OTTAWA – On at least a hundred and thirty separate occasions, Air Canada violated conditions imposed by Transport Canada when the company was granted an exemption to operate its narrow-body fleet with a reduced ratio of one flight attendant per 50 passenger seats, instead of the safety-proven ratio of one flight attendant per 40 passengers.

The breaches began when the exemption was first granted in September 2014 and have since continued to re-occur in contravention to the issued exemption. The union representing Air Canada flight attendants reported in writing the details of all these violations to Transport Canada.

“Air Canada has received reports on all of these breaches, including formal written reports from cabin crew outlining the specifics of the breaches. These reports have been ignored or dismissed by Air Canada management,” said Michel Cournoyer, president of the Air Canada Component of the Canadian Union of Public Employees (CUPE). “Since Air Canada was fully aware of the violations of the conditions in the exemption and have refused to act on them, Transport Canada must suspend the operation of the 1:50 exemption given to Air Canada until the department conducts a full investigation into these violations.”

For example, Air Canada has violated the exemption repeatedly by designating a flight attendant to act as the in-charge flight attendant prior to departure when the exemption’s conditions only allows this replacement to occur if the in-charge flight attendant becomes incapacitated after departure. In-charge flight attendants receive specific training pertaining to the management of the cabin crew on-board in normal and emergency situations. As a result, flights were operated without a fully trained in-charge flight attendant to lead the entire cabin crew and act as the liaison between the operating pilots and cabin crew.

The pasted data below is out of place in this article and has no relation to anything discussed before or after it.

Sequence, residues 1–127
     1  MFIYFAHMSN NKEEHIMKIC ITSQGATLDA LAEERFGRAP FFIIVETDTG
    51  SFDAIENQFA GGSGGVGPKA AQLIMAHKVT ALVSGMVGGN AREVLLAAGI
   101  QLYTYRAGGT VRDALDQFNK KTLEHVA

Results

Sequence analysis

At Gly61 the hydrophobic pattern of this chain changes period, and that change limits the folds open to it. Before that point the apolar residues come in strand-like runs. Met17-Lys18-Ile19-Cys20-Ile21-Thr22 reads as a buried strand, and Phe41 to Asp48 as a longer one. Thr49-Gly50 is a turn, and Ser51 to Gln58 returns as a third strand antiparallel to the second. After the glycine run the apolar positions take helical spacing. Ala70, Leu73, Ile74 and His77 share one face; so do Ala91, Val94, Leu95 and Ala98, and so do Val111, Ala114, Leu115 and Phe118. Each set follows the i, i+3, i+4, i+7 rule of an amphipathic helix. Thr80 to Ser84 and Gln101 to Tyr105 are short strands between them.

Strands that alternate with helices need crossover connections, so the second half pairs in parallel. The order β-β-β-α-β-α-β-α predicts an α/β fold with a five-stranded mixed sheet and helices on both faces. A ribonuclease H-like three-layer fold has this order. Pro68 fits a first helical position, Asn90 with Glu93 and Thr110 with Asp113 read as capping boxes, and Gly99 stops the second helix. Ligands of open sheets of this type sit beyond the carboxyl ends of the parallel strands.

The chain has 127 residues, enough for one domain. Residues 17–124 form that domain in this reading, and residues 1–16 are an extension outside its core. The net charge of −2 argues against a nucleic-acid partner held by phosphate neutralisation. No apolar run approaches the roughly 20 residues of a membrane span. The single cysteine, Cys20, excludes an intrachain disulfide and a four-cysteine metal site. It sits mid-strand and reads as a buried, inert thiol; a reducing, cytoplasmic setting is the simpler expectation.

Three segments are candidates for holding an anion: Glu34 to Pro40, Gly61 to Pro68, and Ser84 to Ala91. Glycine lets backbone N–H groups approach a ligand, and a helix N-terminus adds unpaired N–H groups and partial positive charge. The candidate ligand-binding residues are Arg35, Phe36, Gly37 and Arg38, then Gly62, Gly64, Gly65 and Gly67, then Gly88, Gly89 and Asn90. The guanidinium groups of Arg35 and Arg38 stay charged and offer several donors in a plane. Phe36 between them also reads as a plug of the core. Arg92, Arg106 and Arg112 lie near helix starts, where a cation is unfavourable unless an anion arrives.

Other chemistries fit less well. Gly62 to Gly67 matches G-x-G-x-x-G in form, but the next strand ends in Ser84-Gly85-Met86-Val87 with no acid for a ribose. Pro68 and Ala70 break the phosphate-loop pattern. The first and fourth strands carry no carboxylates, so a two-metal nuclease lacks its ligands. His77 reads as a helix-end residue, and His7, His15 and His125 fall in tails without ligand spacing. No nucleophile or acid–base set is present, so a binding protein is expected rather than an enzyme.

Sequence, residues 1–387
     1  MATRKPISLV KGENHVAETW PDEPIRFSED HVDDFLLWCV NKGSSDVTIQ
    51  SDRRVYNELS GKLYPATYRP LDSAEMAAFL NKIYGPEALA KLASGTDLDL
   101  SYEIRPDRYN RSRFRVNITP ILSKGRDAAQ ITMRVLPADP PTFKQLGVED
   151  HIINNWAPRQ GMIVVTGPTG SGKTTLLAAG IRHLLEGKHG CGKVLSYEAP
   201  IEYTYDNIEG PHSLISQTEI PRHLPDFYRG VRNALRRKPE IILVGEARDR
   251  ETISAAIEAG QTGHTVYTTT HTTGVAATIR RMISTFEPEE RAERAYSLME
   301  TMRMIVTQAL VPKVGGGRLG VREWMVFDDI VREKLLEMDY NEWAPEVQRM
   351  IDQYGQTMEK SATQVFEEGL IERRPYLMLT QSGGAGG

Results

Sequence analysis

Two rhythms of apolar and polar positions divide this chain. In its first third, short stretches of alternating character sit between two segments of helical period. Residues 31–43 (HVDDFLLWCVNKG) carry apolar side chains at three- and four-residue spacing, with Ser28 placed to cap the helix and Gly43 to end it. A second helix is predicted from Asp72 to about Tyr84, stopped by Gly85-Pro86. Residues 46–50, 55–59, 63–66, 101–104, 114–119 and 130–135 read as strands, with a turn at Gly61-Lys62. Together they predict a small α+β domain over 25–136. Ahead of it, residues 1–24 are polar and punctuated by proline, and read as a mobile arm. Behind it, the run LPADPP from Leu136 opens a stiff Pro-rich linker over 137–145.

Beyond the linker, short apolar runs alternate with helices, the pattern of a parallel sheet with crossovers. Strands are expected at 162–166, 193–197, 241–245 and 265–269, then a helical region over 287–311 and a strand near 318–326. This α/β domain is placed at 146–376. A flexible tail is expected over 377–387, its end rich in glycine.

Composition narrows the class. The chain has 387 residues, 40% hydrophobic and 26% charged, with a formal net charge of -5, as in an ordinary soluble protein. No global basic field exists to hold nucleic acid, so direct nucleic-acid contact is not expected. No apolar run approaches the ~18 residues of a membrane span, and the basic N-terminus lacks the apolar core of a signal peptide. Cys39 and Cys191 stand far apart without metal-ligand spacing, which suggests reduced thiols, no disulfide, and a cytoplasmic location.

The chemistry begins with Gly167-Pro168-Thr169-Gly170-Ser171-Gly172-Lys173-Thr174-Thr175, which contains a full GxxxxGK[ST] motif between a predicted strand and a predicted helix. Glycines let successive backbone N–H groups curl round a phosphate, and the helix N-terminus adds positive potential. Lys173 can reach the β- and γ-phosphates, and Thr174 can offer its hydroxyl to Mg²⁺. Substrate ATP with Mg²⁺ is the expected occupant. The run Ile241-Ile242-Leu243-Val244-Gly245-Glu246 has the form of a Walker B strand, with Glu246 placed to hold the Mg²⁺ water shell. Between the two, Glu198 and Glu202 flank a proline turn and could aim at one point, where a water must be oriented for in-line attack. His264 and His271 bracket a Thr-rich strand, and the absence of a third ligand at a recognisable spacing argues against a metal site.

Other violations of the Air Canada exemption include: boarding passengers on an aircraft with no cabin crew on board and boarding passengers in the absence of a designated in-charge flight attendant on board.

In addition, Transport Canada’s exemption requires that Air Canada carry a copy of the exemption and its conditions on board the aeroplane at all times. “When our members checked, the document could not be found”, said Cournoyer. “By withholding copies of the exemption, Air Canada is in effect preventing flight attendants from being fully informed about the exemption’s specific safety procedures to maintain the safety of passengers and crew.”

“An exemption is an exception to the normal operating rules affecting passenger and crew member safety. This exemption, already representing a significant reduction of Transport Canada’s established aviation safety standards, was granted with a set of 21 firm conditions. According to Transport Canada’s own rules, each and every condition must be met for the safe operation of Air Canada’s narrow-body aircraft.  If any one of these conditions are not met, such violations are serious and render the issued exemption null and void.”

CUPE is the union representing over 7,000 flight attendants at Air Canada. CUPE also represents flight attendants employed Air Transat, Calm Air, Canadian North, Canjet, Cathay Pacific, First Air and Sunwing.

For more information:
Philippe Gagnon
CUPE Media Relations
613 894-0146
pgagnon@cupe.ca